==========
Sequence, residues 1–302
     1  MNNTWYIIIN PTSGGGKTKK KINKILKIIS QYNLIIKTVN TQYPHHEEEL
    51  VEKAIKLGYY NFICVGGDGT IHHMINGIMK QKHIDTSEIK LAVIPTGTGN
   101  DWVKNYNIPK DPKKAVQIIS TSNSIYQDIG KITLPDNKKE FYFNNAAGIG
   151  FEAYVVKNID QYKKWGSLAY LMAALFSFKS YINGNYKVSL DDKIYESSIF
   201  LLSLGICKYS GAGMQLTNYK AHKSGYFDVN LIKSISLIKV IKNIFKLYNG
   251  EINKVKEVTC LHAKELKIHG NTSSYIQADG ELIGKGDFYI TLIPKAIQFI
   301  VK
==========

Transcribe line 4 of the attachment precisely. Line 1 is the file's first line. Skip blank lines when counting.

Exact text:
   101  DWVKNYNIPK DPKKAVQIIS TSNSIYQDIG KITLPDNKKE FYFNNAAGIG